Ah, college. University. The wonder years. How it passes, how it sweeps on by, over before you know it. This is what we are told, as saplings, about the experience of attending a four-year university. Atop this saccharine characterization, we are burdened with another set of expectations, at Our Lady’s University in particular. O, the myriad of opportunities! O, the dazzling delight of football weekends, the blooming beauty of spring flowers on God Quad. The dorm life. The friendships to last a life time. Quoth Lou Holtz: “If you’ve been there, no explanation is necessary. If you haven’t, none is adequate.”

Maybe the rosy mystique only sets in a few years (or perhaps decades) after graduation, but for me, as a seven-down-and-one-and-half-months-of-a-semester-to-go semester senior, the view from the end looks, well … different. Let’s settle on “different” for now.

I was talking to a friend of mine about the prospect of graduation a week or two ago (the cliches have one thing right: the time does fly fast near the end). He said that, more than anything, the conclusion of his college years has caused him to think less about college and more about his whole childhood and upbringing in pensive retrospect. It is as if the end of undergrad triggers a kind of holistic reflection as one considers the forthcoming submergence into adulthood, complete with the stereotypical responsibilities of cooking for oneself and paying taxes, yes, but also the anxieties of departure and the task of maintaining relationships.

How can one spend four years at a bustling institution of talented and bright minds without ultimately facing this kind of dilemma of contemplation, after all? Although, to raise a cry of dissenting opinion, I did once read an inscription chiseled into a desk on the thirteenth floor Hesburgh Library that read: “I’ll be glad when it’s over. I hope never to return.”

Most of us, though, will return. Notre Dame has its magnetic draw, as many big name universities do, and the famed double Domers probably out-populate the residents of Howard Hall in any given year. I’m sure there’s a lot that one might appreciate at Notre Dame in a wholly different light once the diploma has been handed over and the textbooks handed in. A dorm mate of mine said something to that effect just the other day: “I’m sure it’s nice visiting Notre Dame when you’re not a student. You can look at all the nice buildings and the quads. When I’m walking to class, I just look straight ahead.”

It’s true. As students we are directed always ahead, always projecting our own concerns and ambitions, in need of solidification and achievement. Though, to be fairer on ourselves, that is not wholly true. Not all of the time, at least. There is ample charity here, ample commiseration and celebration of each other’s lives. At the end, anyway, there isn’t any further ahead one can project. The only direction is backward, toward reflection, as far as the campus goes, that is.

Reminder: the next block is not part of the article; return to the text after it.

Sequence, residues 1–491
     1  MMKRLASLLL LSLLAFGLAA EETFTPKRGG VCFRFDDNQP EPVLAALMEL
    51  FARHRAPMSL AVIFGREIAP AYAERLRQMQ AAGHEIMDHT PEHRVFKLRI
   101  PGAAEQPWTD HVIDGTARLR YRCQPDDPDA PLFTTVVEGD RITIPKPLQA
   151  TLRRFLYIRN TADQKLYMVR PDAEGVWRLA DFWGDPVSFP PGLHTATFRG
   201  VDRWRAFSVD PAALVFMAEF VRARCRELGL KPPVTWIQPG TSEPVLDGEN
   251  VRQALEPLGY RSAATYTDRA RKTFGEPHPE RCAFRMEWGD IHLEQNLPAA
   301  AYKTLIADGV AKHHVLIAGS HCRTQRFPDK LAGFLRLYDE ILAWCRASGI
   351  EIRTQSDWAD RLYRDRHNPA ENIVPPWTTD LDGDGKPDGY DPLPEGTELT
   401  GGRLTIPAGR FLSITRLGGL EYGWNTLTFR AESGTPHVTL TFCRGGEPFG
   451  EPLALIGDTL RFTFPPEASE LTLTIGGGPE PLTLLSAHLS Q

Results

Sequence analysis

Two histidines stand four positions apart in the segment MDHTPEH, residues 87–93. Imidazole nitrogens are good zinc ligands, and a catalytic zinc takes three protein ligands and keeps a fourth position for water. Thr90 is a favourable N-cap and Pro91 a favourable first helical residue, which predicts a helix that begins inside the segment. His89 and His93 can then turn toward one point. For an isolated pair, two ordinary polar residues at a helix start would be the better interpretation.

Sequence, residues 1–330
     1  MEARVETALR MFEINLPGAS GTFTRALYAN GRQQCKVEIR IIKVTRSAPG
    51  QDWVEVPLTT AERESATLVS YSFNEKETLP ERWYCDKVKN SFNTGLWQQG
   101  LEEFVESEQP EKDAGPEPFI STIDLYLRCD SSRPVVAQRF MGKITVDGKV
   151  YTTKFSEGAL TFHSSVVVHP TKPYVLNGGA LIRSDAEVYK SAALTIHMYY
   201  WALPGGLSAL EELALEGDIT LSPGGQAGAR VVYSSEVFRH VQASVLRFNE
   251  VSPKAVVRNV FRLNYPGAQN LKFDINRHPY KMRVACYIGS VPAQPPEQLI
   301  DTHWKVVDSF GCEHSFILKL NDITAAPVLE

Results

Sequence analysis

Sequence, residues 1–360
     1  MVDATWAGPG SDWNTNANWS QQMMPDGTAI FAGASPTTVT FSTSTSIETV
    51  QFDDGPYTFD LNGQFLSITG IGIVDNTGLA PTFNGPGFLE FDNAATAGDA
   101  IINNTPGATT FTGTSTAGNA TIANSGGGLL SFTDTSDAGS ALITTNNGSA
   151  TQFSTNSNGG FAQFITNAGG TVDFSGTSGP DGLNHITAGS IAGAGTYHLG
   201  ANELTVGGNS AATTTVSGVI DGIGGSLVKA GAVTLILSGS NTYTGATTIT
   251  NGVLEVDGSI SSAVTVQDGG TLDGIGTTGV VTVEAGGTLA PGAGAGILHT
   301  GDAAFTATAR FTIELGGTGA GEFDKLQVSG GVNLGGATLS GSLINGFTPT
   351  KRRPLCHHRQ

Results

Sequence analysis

For my own part, I have been blessed with the company of some fine Notre Damers in my four years. Even with a year-long gap to study in some strange, outlandish country named England, I felt a cordial camaraderie with the peers that I got to know more substantially—here “got” again implies “had the privilege to,” lest we forget that, in the wide world, not everyone is as motivated and compelling to talk to as the average Notre Dame personality. This isn’t a direct swipe at the rest of the world so much as a veneration of Notre Dame, I should add. One of the less banal of the Notre Dame cliches is that it is a different kind of university, since, it is differentiated by sheer statistics. So are other universities, sure, but Notre Dame is different in its combination of academic excellence and integration of genuine Catholic ethos, however much we might find cause to complain.

So here you are, reading the Irish Rover. And I want to take time, then, at the end of things, to thank this community of writers, editors, professors, and advisors for providing me with a place to learn about the Notre Dame community and, in word and deed, build up the Notre Dame community. They have supplied me with a place for my more artistic and eccentric reflections when other publications on campus edited away my adverbs. They have entertained me with their wit, enriched me with their reporting, and enlivened me with their precise prose. Many among them have become my friends, and many others I wish to have met more fully. They have, perhaps, even provided me with cause to vindicate some of those flimsy stereotypes about university being a time of great exploration and kinship and lead me to say with an unfeigned joy: Praise thee, Notre Dame.